Cops play all sorts of games to prevent it- despite what the Constitution says.

If I can talk to the cop directly, they’ll do everything they can to interfere. My favorite is when I ask “You’ve arrested Bob Innocent, my client…” to which the response is always, “No, sir, Mr. Innocent has not been arrested“,  Because, as you know, even though a man is handcuffed and locked in a police interrogation room, he might be arrested to you or me, but that’s not “arrested” to the cops.

So, you have to say “detained”.  That’s the magic cop word that means “arrested” to everybody else. If you don’t use their magic words, they play dumb. Keep Reading →

drunk zamboni man

The Good Old Hockey Game. Its the Best Game You Can Play.

I’m going to let a little secret out here: I play hockey. It’s not a very exciting secret, I know. It probably shouldn’t even be a secret.  It is, though. You know why?  Because I play hockey poorly. Like, really bad.  I’m at the bottom of the talent ladder on a hockey team that’s at the bottom tier of a bottom league at the rink.  We’ve got some good skaters, too.  We still don’t win.  It’s not their fault. Know what I’m saying? Keep Reading →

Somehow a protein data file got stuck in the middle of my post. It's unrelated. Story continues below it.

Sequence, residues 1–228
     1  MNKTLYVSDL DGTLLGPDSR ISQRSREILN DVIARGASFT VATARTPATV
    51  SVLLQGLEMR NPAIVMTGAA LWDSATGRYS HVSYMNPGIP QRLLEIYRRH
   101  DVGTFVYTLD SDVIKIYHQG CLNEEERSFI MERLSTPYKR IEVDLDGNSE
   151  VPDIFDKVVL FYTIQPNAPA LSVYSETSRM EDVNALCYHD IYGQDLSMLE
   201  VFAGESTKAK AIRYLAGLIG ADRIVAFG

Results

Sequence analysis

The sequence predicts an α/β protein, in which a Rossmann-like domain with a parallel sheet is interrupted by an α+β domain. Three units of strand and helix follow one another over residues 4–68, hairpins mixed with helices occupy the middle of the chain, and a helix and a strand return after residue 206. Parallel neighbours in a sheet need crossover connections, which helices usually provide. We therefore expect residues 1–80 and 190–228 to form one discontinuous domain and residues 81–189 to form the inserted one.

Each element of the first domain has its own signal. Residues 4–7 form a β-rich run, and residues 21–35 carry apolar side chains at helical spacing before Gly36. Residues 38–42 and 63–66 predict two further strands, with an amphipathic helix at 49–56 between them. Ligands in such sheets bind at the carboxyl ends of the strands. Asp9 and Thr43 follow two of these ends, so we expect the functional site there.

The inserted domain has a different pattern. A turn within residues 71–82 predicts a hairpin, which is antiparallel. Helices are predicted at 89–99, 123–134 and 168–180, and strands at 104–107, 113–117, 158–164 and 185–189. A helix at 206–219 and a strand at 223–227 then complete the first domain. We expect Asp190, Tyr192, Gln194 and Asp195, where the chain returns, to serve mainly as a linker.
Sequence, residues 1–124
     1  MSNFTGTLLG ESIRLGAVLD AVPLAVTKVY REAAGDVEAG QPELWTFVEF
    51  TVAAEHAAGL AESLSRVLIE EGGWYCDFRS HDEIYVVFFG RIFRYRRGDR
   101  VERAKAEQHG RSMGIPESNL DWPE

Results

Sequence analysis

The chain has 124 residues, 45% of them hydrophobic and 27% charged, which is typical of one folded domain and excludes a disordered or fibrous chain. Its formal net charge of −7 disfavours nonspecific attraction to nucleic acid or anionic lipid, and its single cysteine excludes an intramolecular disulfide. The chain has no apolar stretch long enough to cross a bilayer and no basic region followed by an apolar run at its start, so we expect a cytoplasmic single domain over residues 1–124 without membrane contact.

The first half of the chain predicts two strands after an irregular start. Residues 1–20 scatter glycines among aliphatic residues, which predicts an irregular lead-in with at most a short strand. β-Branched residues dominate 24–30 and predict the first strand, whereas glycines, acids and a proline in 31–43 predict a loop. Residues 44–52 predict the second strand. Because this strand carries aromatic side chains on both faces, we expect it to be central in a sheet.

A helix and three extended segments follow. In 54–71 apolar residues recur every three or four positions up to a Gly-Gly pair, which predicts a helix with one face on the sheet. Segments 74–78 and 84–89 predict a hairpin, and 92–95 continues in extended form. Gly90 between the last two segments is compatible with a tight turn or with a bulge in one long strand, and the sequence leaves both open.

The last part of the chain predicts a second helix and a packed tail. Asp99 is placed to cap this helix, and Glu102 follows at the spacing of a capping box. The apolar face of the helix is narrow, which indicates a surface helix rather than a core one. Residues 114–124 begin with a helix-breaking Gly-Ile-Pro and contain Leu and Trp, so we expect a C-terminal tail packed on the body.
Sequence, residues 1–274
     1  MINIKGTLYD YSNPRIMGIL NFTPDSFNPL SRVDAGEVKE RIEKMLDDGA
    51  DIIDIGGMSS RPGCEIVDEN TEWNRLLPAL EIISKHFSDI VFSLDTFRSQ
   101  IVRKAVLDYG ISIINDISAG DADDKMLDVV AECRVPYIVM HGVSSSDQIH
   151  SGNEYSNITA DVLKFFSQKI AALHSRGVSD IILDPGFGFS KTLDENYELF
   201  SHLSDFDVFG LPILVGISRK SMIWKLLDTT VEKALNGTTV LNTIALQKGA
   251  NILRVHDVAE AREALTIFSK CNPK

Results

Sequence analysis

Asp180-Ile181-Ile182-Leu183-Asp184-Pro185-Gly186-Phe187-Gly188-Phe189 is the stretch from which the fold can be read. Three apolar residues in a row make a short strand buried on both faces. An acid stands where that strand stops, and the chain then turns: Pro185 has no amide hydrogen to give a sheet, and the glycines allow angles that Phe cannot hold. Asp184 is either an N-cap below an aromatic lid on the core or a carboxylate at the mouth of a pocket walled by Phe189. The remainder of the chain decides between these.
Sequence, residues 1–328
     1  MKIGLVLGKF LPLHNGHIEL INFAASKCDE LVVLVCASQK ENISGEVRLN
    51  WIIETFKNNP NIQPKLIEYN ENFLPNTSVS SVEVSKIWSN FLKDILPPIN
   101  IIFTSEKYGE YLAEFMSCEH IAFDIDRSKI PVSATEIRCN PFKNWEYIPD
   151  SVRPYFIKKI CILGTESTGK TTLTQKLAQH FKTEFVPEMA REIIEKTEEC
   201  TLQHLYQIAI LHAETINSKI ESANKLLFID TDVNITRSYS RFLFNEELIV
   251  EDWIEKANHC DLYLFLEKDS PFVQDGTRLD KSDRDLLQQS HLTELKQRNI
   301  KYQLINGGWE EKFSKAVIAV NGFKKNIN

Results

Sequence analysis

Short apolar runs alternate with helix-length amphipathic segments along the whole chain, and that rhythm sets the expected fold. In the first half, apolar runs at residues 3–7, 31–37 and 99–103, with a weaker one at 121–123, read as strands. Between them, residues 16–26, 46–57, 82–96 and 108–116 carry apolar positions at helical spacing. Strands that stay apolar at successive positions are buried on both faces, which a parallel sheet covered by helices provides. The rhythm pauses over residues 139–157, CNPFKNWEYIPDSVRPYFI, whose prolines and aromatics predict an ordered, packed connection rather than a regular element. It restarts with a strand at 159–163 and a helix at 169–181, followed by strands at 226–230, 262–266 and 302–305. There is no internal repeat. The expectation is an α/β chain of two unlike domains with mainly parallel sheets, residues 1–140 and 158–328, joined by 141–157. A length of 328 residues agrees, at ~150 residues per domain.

Cannabis growing

For years I’ve been saying that legalizing marijuana so we can “tax the stuff” and put the money to good use was a really bad idea.  That’s not to say that marijuana should be prohibited. It shouldn’t.  That is to say, however, its legalization shouldn’t be championed by people claiming the extra tax revenue would solve the world’s problems. Keep Reading →

Ferguson Protests

Much has been made of these protests lately.  Starting with non-indictment for that “incident” (that’s me mocking the way police talk, by the way) in Ferguson, Mo and carrying over into the protests reignited by handling of the police “encounter” (more mockery) of Eric Garner.  I’m loving it.

Keep Reading →